Simply an observation... when we see that a simple smartphone avoids rolling shutter in the video (most of them, not all), and that these phones have relatively cheap CPUs in them, that is proof enough that Sony 'deliberately' allows rolling shutter (even on such expensive cameras as the A7s etc), because it ensures that their so-called cinema pro cameras will retain sales. It is all about the dollar at the end of the day, I understand that, and it's Sony's (and any company's) prerogative to do things how they wish for their bottom-line, but smartphones such as the new Samsung Galaxy S7 can record at 4K resolution with no rolling shutter whatsoever. The physical size of the sensor has nothing to do with determining rolling shutter, whether a 4/3rds sensor or a full-frame sensor, the determining factor is the resolution and megapixels of the sensor that need to be processed, not the physical size of the sensor, thus my earlier point in this reply. Smartphones recording at 4K exhibit no rolling shutter only because these phones are no threat to $25,000-$50,000 pro cameras. When we see Sony, for example, giving only 8bit 4:2:0 in the spec, this fact combined with rolling shutter is enough to make sure that movie companies will avoid these cameras and just pony-up the $50,000 or whatever for the cinema cameras. That's my opinion on the matter. So yes, i'm saying it's a type of conspiracy to guard, for example, Sony's sales of higher-end cameras. Imagine this... if Sony allowed the A7S II to record at 4:2:2 10bit < which costs them nothing extra to allow) and in H.265 with options of different compression-ratios to choose from, and if Sony used a CPU fast enough to avoid rolling shutter, that would effectively mean the end of hundreds of millions of dollars in Cinema camera sales worldwide, feel me?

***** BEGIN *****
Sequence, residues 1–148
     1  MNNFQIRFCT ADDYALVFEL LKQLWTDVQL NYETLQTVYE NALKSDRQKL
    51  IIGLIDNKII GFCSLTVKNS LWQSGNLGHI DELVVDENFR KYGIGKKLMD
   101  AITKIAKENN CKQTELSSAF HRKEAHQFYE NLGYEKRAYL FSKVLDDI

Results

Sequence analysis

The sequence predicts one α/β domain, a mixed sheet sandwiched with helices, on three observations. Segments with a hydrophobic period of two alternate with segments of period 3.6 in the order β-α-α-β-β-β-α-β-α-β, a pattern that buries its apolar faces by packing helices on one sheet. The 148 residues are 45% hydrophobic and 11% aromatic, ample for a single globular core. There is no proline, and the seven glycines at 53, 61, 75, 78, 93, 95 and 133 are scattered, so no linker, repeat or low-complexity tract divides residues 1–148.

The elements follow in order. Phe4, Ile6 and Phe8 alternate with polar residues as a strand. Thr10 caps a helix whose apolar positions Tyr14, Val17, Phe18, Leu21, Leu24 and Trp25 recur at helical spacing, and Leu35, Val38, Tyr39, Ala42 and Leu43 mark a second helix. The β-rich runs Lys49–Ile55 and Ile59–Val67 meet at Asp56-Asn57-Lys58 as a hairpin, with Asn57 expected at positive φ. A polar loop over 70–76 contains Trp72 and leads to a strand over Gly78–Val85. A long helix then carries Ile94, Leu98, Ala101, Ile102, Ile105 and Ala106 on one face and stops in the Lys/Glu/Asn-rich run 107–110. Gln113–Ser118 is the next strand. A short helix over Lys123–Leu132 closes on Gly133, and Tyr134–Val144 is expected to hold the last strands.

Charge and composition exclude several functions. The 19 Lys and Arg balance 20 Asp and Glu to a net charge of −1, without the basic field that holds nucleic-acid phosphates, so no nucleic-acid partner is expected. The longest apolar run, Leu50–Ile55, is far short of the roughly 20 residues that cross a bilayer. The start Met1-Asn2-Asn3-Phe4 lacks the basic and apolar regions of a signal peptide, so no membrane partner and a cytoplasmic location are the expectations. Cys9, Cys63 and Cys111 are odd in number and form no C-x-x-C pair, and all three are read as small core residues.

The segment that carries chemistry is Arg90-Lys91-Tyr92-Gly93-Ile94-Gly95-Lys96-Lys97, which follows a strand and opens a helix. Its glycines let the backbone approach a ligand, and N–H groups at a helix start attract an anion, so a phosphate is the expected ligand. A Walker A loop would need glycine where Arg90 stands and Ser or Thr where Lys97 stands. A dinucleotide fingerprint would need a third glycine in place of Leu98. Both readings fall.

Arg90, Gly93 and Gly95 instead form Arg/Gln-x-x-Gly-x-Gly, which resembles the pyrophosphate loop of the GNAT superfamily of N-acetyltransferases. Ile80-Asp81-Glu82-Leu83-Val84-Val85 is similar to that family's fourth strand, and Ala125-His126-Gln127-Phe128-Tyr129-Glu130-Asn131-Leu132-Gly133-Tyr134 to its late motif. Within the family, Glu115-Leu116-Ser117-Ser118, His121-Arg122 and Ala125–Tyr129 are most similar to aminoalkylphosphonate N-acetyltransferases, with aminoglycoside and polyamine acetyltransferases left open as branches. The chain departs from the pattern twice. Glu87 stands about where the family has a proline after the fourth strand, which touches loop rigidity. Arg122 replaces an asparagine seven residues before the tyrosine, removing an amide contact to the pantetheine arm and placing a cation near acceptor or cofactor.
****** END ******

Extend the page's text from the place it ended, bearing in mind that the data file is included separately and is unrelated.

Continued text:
Last edited by Photon; Mar 26 2016 at 05:38 AM.

  11. #11